Skip to main content
Premium Trial:

Request an Annual Quote

People in the News: Apr 30, 2009


RXi Pharmaceuticals has appointed Richard Chin to its board of directors.

Chin is currently CEO of non-profit pharmaceutical company OneWorld Health. He previously served in various positions at OxiGene, Elan, and Genentech. He holds a BA in biology from Harvard University and a law degree from Oxford University.

Dicerna Pharmaceuticals announced that the Proceedings of the National Academy of Sciences' editorial board has awarded company co-founder and City of Hope researcher John Rossi has been awarded the 2008 Cozzarelli Prize.

Rossi received the award for his work on a publication entitled, "MicroRNA-Directed Transcriptional Gene Silencing in Mammalian Cells," the company said.

Opko Health has appointed Alice Lin-Tsing to its board of directors, according to a company filing with the US Securities and Exchange Commission.

Lin-Tsing is a researcher at the Genomics Research Center, Academia Sinica, in Taiwan. She is also a professor at the National Taiwan University and University of California, San Diego.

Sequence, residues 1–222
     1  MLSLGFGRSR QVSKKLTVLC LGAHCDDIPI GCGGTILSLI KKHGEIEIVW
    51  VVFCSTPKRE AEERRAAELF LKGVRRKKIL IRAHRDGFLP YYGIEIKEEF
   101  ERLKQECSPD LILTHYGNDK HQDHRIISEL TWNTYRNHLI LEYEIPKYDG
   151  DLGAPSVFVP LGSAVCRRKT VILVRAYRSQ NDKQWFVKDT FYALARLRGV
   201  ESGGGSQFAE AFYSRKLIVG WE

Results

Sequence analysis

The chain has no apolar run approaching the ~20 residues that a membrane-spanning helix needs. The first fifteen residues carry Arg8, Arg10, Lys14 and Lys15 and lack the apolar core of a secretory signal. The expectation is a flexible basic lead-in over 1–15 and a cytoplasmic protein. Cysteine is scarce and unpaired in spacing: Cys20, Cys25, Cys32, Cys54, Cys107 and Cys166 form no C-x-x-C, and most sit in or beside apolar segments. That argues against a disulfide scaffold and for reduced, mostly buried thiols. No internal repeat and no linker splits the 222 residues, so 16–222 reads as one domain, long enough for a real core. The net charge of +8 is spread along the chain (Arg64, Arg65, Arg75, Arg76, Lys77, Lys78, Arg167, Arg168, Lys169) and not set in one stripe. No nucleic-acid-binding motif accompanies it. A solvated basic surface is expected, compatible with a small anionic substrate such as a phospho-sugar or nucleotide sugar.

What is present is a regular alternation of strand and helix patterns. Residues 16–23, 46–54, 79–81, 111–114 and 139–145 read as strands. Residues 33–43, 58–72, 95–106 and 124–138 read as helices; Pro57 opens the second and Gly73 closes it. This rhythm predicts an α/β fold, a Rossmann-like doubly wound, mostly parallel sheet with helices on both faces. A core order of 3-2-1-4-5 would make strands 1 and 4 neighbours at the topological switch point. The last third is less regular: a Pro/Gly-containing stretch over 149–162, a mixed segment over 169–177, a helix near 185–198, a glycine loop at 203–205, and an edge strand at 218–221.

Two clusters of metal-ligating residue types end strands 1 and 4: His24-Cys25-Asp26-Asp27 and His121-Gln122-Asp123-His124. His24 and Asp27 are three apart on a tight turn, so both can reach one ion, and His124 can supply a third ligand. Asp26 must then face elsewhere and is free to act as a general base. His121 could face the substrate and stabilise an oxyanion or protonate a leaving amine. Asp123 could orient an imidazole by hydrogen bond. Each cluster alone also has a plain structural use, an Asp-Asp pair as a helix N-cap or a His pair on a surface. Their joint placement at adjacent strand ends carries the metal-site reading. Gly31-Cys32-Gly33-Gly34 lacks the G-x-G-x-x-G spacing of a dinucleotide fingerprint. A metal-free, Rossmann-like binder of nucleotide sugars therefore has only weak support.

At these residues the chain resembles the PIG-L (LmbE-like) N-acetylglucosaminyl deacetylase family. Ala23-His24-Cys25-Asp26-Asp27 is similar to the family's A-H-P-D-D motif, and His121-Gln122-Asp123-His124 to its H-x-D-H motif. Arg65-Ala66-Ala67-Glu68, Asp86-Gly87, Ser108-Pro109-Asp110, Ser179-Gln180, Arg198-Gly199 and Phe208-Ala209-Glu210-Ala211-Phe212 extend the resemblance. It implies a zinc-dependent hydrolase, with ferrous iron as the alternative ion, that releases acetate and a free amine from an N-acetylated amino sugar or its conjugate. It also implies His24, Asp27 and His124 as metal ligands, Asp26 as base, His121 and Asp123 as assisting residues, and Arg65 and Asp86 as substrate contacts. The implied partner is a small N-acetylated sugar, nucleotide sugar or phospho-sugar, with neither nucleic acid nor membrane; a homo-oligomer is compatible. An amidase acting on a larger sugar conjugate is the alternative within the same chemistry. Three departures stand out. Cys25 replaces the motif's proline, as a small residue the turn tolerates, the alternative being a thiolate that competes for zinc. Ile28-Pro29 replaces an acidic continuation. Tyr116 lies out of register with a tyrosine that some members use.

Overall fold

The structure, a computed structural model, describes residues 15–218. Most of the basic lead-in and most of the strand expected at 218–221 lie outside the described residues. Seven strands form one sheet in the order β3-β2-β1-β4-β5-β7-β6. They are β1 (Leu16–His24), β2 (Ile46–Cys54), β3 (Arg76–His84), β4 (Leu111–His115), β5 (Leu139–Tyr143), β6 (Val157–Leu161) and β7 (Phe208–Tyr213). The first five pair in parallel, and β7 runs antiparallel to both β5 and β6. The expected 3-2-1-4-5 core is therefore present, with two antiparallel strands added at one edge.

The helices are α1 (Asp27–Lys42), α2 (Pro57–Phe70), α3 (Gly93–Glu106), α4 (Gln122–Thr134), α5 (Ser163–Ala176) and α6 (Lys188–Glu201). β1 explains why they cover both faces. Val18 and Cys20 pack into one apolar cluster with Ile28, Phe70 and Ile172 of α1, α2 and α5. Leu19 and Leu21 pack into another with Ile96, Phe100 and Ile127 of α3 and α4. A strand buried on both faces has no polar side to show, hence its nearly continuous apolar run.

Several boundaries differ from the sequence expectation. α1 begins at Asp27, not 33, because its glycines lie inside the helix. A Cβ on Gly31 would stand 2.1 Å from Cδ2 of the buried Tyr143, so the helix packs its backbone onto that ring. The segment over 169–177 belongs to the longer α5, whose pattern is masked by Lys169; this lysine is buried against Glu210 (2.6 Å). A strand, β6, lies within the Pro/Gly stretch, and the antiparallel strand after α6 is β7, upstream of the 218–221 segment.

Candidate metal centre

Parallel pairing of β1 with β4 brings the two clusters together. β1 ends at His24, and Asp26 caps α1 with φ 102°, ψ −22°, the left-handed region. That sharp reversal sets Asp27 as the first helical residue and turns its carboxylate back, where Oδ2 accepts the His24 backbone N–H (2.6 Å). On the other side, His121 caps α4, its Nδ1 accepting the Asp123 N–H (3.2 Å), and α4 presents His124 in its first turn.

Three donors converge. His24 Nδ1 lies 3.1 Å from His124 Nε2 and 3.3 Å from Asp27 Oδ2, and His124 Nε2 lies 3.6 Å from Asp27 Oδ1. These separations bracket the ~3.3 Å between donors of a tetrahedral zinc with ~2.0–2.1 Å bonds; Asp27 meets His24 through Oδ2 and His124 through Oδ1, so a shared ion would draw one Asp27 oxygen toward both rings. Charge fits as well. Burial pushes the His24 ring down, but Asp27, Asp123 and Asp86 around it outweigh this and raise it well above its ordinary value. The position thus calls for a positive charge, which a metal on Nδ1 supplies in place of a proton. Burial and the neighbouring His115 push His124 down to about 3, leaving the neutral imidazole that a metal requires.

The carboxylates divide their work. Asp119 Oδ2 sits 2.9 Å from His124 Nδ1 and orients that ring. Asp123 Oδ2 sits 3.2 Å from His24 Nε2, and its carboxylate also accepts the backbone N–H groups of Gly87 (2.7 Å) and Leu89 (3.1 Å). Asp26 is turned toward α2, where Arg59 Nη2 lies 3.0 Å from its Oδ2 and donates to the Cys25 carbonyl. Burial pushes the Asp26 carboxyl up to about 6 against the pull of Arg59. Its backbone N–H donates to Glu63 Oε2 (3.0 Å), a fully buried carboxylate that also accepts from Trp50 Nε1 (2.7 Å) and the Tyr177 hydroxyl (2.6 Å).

Benitec announced that Kenneth Reed, a non-executive director and company co-founder, has resigned from the firm's board. He remains the chair of Benitec's scientific advisory board.

According to the company, Reed stepped down in order to continue on as a researcher at the City of Hope.

The Scan

Study Reveals Details of SARS-CoV-2 Spread Across Brazil

A genomic analysis in Nature Microbiology explores how SARS-CoV-2 spread into, across, and from Brazil.

New Study Highlights Utility of Mutation Testing in Anaplastic Thyroid Cancer

Genetic mutations in BRAF and RAS are associated with patient outcomes in anaplastic thyroid carcinoma, a new JCO Precision Oncology study reports.

Study Points to Increased Risk of Dangerous Blood Clots in COVID-19 Patients

An analysis in JAMA Internal Medicine finds that even mild COVID-19 increases risk of venous thromboembolism.

Y Chromosome Study Reveals Details on Timing of Human Settlement in Americas

A Y chromosome-based analysis suggests South America may have first been settled more than 18,000 years ago, according to a new PLOS One study.